Agriculture
Middle school science adventures
Chicken Eggs as Drug Factories
Keeping Bugs Away from Food
Amphibians
Toads
Bullfrogs
Salamanders and Newts
Animals
Thieves of a Feather
Insects Take a Breather
Living in the Desert
Behavior
Pipefish power from mom
Fish needs see-through head
GSAT Mathematics Quiz, Teaching Math, teaching anxiety
Birds
Quails
Rheas
Parakeets
Chemistry and Materials
Salt secrets
A Diamond Polish for Ancient Tools
Spinning Clay into Cotton
Computers
Two monkeys see a more colorful world
A Classroom of the Mind
Batteries built by Viruses
Dinosaurs and Fossils
Dinosaur Dig
Downsized Dinosaurs
Three strikes wiped out woolly mammoths
E Learning Jamaica
2014 GSAT Results for Jamaican Kids
E Learning in Jamaica WIN PRIZES and try our Fun Animated Games
Results of GSAT are in schools this week
Earth
Warmest Year on Record
Getting the dirt on carbon
Challenging the Forces of Nature
Environment
Swimming with Sharks and Stingrays
City Trees Beat Country Trees
Shrinking Fish
Finding the Past
Ancient Art on the Rocks
A Plankhouse Past
If Only Bones Could Speak
Fish
Freshwater Fish
Perches
Halibut
Food and Nutrition
In Search of the Perfect French Fry
Packing Fat
Moving Good Fats from Fish to Mice
GSAT English Rules
Problems with Prepositions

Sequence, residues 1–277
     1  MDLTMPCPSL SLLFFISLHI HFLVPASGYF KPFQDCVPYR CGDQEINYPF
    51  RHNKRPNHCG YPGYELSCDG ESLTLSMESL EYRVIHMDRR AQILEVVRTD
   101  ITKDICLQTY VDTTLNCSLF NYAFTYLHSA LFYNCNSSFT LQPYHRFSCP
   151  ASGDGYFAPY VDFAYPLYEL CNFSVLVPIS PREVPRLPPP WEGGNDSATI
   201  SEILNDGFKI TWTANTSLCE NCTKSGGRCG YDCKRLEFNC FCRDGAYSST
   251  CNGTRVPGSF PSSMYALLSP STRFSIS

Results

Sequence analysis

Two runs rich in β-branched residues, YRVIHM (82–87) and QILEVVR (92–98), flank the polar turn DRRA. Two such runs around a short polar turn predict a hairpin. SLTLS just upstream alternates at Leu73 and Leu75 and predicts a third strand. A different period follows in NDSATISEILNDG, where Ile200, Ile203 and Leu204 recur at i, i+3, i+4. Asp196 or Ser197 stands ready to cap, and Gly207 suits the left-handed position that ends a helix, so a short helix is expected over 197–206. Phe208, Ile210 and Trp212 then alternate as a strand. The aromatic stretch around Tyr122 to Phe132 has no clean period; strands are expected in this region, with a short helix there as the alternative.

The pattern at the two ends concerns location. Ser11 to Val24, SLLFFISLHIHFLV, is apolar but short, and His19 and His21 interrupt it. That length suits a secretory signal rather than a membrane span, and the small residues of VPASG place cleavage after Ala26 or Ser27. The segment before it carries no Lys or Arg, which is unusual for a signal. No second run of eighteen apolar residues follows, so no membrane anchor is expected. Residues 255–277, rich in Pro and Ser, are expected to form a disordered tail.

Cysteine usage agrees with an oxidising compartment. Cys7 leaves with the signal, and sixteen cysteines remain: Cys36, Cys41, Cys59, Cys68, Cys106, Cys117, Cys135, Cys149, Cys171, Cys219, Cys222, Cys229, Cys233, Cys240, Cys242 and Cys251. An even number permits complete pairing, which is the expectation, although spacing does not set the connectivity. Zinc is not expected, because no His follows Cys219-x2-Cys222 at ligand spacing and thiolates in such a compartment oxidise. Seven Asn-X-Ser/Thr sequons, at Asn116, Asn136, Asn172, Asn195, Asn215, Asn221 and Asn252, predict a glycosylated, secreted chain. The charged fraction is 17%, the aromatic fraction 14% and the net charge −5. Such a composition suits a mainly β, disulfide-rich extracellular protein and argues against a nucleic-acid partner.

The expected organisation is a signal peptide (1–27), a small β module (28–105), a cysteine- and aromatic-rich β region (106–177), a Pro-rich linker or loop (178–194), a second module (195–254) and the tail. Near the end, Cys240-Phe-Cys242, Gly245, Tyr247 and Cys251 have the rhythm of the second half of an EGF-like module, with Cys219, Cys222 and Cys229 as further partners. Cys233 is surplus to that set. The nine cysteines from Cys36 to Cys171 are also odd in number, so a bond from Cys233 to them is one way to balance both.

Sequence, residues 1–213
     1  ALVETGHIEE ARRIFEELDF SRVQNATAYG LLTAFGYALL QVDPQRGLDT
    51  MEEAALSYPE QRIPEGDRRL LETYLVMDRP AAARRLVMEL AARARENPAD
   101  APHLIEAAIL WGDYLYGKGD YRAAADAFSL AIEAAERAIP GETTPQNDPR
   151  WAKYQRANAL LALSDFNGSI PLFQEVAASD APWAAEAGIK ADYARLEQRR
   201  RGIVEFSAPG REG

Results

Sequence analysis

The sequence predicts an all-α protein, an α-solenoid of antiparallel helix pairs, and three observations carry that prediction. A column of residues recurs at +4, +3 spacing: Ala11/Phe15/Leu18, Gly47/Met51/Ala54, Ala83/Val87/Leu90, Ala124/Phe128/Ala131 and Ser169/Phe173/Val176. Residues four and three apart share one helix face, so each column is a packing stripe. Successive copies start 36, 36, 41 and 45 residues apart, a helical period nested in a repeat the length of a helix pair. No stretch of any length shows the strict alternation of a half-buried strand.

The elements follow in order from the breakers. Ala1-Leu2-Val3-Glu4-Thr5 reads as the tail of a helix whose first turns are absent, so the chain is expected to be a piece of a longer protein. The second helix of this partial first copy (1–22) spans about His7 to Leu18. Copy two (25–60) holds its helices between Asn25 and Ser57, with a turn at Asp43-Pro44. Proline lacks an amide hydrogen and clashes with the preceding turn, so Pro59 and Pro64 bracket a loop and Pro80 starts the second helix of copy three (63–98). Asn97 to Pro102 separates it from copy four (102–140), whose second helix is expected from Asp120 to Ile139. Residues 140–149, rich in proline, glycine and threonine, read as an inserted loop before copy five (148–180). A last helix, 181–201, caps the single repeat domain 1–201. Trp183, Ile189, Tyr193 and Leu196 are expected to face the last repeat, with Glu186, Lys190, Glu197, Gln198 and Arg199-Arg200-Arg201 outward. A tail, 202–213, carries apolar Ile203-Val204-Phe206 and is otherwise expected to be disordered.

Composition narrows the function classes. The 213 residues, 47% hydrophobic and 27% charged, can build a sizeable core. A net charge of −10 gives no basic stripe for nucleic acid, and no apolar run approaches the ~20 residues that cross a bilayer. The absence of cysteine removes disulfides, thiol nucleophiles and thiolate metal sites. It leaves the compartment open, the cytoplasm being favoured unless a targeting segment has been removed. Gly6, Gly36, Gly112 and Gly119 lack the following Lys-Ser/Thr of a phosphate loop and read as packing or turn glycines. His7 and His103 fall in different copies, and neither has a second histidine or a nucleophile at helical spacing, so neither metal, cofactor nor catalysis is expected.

Whoever vs. Whomever
Subject and Verb Agreement
GSAT Exam Preparation Jamaica
March 21-22, 2013: Over 43,000 students will take the GSAT Exam
The Annual GSAT Scholarships
How are students placed after passing the GSAT exam
GSAT Exams Jamaica Scholarships
2014 GSAT Results for Jamaican Kids
GSAT Exam Preparation
GSAT Practice Papers | GSAT Mathematics | Maths
GSAT Mathematics
Deep-space dancers
Detecting True Art
Secrets of an Ancient Computer
Human Body
Dreaming makes perfect
Sea Kids See Clearly Underwater
A Better Flu Shot
Invertebrates
Crawfish
Dust Mites
Flies
Mammals
Kodiak Bear
Gray Whale
Armadillo
Parents
Choosing a Preschool: What to Consider
Children and Media
Raise a Lifelong Reader by Reading Aloud
Physics
One ring around them all
Powering Ball Lightning
Dreams of Floating in Space
Plants
The algae invasion
White fuzzy mold not as friendly as it looks
Nature's Alphabet
Reptiles
Sea Turtles
Anacondas
Chameleons
Space and Astronomy